However, Constâncio (2012) and Schoenmaker (2013) highlight that the deeper rationale for the Banking Union is cross-border banking. The financial trilemma (Schoenmaker, 2011) indicates that the combination of cross-border banking and national supervision and resolution leads to a coordination failure between national authorities, which do not take into account cross-border externalities of their supervisory practices. This coordination failure might in turn result in an under provision of financial stability as a public good. To overcome this financial stability challenge, supranational policies have been adopted. The coordination failure argument is related to the Single Market, which allows unfettered cross-border banking, and thus to the European Union as a whole. Furthermore, the Banking Union encourages further cross-border banking integration and hence reinforces the Single Market, a point raised by Asmussen (2013) and Mersch (2013). The Banking Union could be an advantage for countries outside the euro, which are characterised by a high degree of cross-border banking. The Regulations for the Single Supervisory Mechanism (SSM) and the Single Resolution Mechanism (SRM) state that it is possible to join at a later stage, as participation is mandatory for euro-area member states, and optional for non-euro area European Union members.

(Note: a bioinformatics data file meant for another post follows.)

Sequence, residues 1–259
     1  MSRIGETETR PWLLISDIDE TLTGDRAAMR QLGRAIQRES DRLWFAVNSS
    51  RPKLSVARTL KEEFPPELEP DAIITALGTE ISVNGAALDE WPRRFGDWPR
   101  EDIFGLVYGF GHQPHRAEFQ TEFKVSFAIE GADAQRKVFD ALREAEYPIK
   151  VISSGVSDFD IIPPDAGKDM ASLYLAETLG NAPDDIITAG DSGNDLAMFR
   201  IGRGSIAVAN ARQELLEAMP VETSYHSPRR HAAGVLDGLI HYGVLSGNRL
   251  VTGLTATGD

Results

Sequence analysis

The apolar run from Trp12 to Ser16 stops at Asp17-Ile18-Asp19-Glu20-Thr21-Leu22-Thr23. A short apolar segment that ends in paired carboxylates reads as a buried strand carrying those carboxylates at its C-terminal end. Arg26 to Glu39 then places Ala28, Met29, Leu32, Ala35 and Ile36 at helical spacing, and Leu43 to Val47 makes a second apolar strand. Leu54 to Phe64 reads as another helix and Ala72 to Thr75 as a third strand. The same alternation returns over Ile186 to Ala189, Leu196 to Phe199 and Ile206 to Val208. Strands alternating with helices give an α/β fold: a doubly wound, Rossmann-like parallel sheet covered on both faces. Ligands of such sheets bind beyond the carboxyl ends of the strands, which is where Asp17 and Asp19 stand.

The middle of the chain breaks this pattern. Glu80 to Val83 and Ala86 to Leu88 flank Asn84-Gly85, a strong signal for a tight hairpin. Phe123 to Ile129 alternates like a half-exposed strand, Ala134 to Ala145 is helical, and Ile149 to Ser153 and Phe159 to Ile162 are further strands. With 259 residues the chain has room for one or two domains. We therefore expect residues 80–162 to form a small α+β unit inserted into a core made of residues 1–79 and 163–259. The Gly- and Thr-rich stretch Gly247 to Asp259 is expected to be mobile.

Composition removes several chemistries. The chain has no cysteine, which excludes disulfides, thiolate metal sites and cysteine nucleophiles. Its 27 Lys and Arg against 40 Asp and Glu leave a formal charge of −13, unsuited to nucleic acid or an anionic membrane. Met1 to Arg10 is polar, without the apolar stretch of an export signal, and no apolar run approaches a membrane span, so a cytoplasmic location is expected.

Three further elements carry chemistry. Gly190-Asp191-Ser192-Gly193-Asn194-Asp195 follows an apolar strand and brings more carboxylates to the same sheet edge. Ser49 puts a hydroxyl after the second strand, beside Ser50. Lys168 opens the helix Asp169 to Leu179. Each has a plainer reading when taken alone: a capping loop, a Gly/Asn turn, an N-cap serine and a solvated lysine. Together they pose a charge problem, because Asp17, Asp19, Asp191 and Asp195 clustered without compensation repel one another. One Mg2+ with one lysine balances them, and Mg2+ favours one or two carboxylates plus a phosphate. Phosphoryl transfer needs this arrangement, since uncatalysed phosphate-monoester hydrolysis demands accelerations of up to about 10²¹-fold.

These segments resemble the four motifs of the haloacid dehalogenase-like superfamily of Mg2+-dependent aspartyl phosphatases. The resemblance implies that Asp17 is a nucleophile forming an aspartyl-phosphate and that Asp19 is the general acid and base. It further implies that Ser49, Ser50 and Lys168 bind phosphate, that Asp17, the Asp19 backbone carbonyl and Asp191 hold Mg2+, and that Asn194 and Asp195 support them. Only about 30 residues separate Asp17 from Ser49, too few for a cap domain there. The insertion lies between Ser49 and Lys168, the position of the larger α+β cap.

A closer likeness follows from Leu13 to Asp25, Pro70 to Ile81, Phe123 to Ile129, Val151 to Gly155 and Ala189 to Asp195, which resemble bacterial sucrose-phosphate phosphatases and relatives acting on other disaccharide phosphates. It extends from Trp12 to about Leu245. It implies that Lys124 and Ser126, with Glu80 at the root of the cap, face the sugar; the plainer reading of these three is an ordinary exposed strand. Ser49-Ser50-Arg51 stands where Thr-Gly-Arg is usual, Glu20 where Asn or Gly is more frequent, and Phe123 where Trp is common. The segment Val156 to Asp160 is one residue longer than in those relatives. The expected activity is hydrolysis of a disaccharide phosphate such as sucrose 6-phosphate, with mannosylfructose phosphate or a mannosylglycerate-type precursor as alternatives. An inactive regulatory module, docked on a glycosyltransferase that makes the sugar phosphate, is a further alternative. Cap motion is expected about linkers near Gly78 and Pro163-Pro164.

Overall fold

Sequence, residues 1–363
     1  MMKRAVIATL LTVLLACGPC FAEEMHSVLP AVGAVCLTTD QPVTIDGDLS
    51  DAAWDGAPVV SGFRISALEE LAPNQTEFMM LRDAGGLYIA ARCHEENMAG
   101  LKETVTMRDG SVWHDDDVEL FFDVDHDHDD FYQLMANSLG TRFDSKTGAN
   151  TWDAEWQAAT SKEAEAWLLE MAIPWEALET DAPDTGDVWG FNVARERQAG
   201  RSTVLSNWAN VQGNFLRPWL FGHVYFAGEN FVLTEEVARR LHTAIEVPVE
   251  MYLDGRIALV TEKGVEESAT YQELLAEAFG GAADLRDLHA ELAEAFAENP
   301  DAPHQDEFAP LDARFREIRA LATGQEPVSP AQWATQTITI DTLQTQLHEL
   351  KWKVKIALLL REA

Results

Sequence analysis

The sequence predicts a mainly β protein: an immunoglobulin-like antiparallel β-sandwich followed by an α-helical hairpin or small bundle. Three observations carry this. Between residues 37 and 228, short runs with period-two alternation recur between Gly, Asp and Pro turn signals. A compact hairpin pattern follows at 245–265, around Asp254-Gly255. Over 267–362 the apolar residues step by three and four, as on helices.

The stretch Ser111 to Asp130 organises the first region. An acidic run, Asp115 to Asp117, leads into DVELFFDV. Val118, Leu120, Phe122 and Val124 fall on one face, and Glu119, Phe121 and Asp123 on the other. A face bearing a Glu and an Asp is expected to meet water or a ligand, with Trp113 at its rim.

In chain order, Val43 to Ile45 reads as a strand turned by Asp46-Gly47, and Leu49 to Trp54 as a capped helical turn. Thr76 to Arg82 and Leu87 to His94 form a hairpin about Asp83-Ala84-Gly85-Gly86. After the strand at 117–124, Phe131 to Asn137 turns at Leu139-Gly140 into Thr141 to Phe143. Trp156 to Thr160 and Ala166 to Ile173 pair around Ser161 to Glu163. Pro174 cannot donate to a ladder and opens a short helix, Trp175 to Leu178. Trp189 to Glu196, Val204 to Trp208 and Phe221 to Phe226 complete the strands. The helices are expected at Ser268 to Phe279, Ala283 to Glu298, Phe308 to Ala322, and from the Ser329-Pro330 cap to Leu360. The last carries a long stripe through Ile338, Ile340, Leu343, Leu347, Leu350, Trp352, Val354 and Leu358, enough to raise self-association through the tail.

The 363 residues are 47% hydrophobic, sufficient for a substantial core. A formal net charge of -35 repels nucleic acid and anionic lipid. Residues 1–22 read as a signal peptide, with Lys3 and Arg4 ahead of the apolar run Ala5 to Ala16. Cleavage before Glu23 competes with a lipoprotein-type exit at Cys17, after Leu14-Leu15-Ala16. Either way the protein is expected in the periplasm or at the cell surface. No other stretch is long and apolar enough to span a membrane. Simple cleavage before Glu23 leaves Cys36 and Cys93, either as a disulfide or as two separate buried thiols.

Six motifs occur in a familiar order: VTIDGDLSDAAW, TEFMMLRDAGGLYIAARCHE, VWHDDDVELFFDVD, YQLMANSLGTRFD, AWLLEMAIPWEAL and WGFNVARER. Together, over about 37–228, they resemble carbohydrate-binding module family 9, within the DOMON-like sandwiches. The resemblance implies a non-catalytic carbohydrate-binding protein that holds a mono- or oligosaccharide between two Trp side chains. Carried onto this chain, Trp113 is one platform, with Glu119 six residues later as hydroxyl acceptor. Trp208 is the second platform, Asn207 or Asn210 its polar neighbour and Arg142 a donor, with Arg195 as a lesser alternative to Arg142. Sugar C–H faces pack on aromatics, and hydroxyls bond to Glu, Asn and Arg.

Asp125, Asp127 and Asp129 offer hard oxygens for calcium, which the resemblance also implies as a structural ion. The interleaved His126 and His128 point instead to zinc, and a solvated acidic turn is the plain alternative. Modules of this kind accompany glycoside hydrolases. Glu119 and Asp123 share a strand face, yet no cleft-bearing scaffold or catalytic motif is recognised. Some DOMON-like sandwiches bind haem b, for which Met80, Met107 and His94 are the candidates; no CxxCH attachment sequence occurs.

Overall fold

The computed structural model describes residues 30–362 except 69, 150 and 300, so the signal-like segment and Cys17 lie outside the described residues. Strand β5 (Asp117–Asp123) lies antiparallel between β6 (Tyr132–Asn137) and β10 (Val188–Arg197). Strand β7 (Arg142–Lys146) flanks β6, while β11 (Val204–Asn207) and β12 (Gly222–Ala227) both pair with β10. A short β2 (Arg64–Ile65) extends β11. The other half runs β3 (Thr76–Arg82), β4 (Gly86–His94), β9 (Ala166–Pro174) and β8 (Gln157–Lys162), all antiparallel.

The purpose of this paper is twofold. First, we aim to provide a theoretical background on policy coordination, followed by an empirical part on the cross-border banking links that characterise both the ‘ins’ and the ‘outs’ in the Banking UnionThe term ‘outs’ refers to the 9 European Union countries outside Banking Union as of January 2015, namely Bulgaria, Croatia, Czech Republic, Denmark, Hungary, Poland, Romania, Sweden and the … Continue reading. We present evidence of strong banking integration in the Nordic region, where Denmark and Sweden are on the outside and Finland and the Baltics on the inside. It also appears that the vast majority of the large inward banking claims for the ‘outs’ in Central and South Eastern Europe is coming from the Banking Union.
Second, we discuss the pros and cons of joining Banking Union for the ‘outs’. For the connected countries, joining Banking Union would allow for an integrated approach towards supervision (avoiding ring-fencing of activities and therefore a higher cost of funding) and resolution (avoiding coordination failure). Next, the national supervisory and resolution authorities get a seat at the Banking Union tableHowever, a differentiation emerges, as non-euro countries are not members of the ECB’s Governing Council that is charged with adopting supervisory decisions drafted by the Supervisory Board.. In the meantime, countries can preserve the sovereignty over their banking system outside the Banking Union. Nevertheless, the ‘outs’ located in Central Eastern Europe have already partly lost the sovereignty, as they are highly dependent on the Banking Union for their stability.